• 5. Next, we must understand where the talent is most motivated to further develop their raw potential. Is there a good fit between their motivations and preferences and the realities and opportunities of the future role? For example, if they are highly motivated by entrepreneurial opportunities, are they a good fit for a future role that offers limited entrepreneurial opportunity? What is their interest in advancement, travel, or global assignments? These interests may have significant impact on their “fit” for certain future roles. As we continue our evaluation, we must understand the leadership experience foundation of the individual. Have they been afforded the right experience opportunities to transform raw potential into leadership competence? Are there key experience gaps in their profile relative to the experience requirements of the future role? If the business context requires working through a down turn cycle, does the talent have any experience in turn-around situations? If the future role requires extensive business development or product development experience, how does the talent’s experience compare to other potential successors in these areas? The final talent measurement consideration is demonstrated competencies, both leadership competencies and technical or functional competencies. Here again we must consider if the talent’s competency profile is consistent with the demands of the future role. Problem 3: Gathering Relevant Data is Manual— Not Automated While information on physical and financial assets is relatively structured and readily available, information on talent assets is largely unstructured and difficult to assimilate. Human resource professionals may take weeks to pull together information for a succession review event. Preparation is likely to include gathering many different types of information such as assessment data, performance data, development data, and historical data. Unfortunately this information is likely to be found in various information systems such as performance management, HRIS, and learning management or exist only in paper form (a 2006 Aberdeen Group study found that 62% of companies still rely on a paper based solution). What is needed is a leadership talent “system of record”. A system of record produces a comprehensive and reliable foundation of data that is then leveraged to produce a consolidated succession management report. The report would take clicks instead of weeks to produce and would include all of the data needed to evaluate successor readiness. Key data areas would included background data, motivations and preferences, experience foundation, leadership competencies, technical/functional competencies, personality profile, and key accomplishments. Ideally, the degree of “fit” or readiness would be quantified relative to a unique position with specific gaps identified so that appropriate developmental actions could be taken (see Graphic 3).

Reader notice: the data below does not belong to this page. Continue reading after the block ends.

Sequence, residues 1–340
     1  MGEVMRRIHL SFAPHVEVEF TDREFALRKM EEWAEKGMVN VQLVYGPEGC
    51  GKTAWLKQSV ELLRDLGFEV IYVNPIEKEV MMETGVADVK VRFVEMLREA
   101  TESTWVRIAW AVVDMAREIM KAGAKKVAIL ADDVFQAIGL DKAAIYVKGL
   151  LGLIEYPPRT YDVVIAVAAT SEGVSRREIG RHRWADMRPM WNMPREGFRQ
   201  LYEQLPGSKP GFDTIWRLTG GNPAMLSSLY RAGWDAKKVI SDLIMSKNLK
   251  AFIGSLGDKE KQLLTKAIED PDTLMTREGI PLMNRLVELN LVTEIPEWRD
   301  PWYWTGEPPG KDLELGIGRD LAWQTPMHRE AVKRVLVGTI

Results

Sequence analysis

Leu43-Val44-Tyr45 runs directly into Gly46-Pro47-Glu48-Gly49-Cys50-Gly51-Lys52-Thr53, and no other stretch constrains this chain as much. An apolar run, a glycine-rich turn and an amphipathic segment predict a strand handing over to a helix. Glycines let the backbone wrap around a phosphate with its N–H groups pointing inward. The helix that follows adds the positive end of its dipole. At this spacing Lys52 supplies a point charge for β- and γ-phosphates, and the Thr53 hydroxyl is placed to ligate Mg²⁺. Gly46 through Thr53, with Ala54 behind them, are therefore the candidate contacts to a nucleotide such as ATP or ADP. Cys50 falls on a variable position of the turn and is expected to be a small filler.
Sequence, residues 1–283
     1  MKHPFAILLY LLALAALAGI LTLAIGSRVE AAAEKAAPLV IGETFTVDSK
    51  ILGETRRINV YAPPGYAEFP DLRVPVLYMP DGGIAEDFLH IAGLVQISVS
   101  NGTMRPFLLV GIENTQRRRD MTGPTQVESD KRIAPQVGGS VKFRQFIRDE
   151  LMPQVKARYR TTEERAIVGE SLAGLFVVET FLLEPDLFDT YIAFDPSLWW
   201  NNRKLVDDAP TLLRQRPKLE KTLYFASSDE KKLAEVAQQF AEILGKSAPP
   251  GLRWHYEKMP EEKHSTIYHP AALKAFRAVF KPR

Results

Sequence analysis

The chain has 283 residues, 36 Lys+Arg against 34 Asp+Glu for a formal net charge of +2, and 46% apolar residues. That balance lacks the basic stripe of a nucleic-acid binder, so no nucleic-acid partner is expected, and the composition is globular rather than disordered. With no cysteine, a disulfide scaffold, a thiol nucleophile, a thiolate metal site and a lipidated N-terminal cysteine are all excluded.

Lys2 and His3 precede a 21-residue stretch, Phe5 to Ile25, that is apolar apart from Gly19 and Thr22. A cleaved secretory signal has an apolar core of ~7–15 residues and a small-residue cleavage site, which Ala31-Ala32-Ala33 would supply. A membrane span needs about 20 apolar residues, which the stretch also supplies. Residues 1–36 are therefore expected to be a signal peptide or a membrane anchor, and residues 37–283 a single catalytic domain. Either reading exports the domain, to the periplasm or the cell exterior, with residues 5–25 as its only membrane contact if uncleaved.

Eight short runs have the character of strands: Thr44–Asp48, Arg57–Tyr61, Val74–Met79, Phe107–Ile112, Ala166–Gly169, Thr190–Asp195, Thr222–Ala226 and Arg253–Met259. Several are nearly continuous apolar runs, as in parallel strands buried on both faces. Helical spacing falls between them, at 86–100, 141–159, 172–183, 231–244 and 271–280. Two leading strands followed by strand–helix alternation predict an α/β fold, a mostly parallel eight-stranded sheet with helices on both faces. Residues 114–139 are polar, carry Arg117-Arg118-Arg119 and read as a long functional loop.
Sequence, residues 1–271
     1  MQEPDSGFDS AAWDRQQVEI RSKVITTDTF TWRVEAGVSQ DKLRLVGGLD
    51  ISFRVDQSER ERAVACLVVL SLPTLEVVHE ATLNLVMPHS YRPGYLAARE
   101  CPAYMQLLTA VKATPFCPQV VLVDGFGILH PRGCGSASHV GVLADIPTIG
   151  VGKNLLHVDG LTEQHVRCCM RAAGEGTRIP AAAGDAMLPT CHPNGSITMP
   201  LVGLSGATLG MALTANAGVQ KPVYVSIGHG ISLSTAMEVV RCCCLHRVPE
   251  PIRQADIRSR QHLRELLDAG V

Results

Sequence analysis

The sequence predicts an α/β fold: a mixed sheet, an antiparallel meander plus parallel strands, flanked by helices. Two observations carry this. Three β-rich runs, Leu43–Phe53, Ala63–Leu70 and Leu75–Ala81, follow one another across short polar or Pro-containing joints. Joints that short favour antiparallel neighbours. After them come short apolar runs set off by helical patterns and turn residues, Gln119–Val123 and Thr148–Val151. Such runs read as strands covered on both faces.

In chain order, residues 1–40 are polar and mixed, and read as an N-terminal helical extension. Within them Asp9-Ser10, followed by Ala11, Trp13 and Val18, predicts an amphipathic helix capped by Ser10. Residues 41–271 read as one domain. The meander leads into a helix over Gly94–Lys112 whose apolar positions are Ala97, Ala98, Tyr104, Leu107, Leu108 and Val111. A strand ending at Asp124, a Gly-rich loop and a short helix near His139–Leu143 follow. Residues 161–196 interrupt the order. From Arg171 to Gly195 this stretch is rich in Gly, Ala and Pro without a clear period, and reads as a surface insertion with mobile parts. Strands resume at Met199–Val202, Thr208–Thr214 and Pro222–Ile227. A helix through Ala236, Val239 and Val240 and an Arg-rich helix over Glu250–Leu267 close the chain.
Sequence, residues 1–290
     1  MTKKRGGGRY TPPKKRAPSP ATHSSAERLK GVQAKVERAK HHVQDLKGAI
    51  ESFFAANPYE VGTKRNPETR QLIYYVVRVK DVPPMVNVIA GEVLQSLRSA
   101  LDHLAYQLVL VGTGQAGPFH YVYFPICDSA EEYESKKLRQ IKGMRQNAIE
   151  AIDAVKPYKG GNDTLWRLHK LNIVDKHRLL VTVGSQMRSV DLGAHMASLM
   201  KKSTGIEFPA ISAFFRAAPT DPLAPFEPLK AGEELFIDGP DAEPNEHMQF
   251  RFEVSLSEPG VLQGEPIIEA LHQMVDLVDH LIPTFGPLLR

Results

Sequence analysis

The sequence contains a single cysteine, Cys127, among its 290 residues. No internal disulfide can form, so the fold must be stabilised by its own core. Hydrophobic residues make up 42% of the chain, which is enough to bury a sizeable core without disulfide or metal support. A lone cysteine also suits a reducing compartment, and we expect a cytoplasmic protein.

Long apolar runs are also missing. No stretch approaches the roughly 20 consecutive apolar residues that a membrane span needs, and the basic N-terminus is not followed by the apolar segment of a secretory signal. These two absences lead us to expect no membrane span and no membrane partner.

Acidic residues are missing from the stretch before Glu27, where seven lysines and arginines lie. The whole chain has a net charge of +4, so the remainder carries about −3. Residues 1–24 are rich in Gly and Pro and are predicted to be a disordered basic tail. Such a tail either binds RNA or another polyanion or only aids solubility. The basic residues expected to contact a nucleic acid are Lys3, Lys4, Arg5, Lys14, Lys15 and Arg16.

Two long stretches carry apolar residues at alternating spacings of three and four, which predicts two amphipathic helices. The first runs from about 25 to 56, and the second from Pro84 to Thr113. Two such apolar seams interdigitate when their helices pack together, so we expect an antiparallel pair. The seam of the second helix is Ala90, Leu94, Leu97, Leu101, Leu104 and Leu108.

• 6. Graphic 3 A consolidated report would also include data that was uploaded into the system of record. The net result would be a single powerful report, easily generated, that truly informs and drives effective succession management decision-making. By addressing these problems, your organization can feel confident that the best succession decisions are being made to ensure success.
  • 7. References DDI Survey from the 2006 Conference Board Talent Management Strategies Conference, www.ddiworld.com. Global Leadership Forecast 2008/2009. Ann Howard and Richard Wellins, Development Di- mensions International. Growing Global Executive Talent: High Priority, Limited Progress. Survey of 412 execu- tives conducted by the Economist Intelligence Unit (EIU) in September and October, 2007. High Impact Succession Management Study. Center for Creative Leadership, 2009. Succession Management Survey. Institute for Corporate Productivity, 2006. Succession Planning: A Board Imperative, Dayton Odgen and John Wood, BusinessWeek, March 25, 2008. Succession Planning Strategies. Aberdeen Group, November, 2006. ThinkPeople-Power, Picking the Big Winners in HCM. ThinkEquity Partners’ Industry Re- port, February 14, 2008.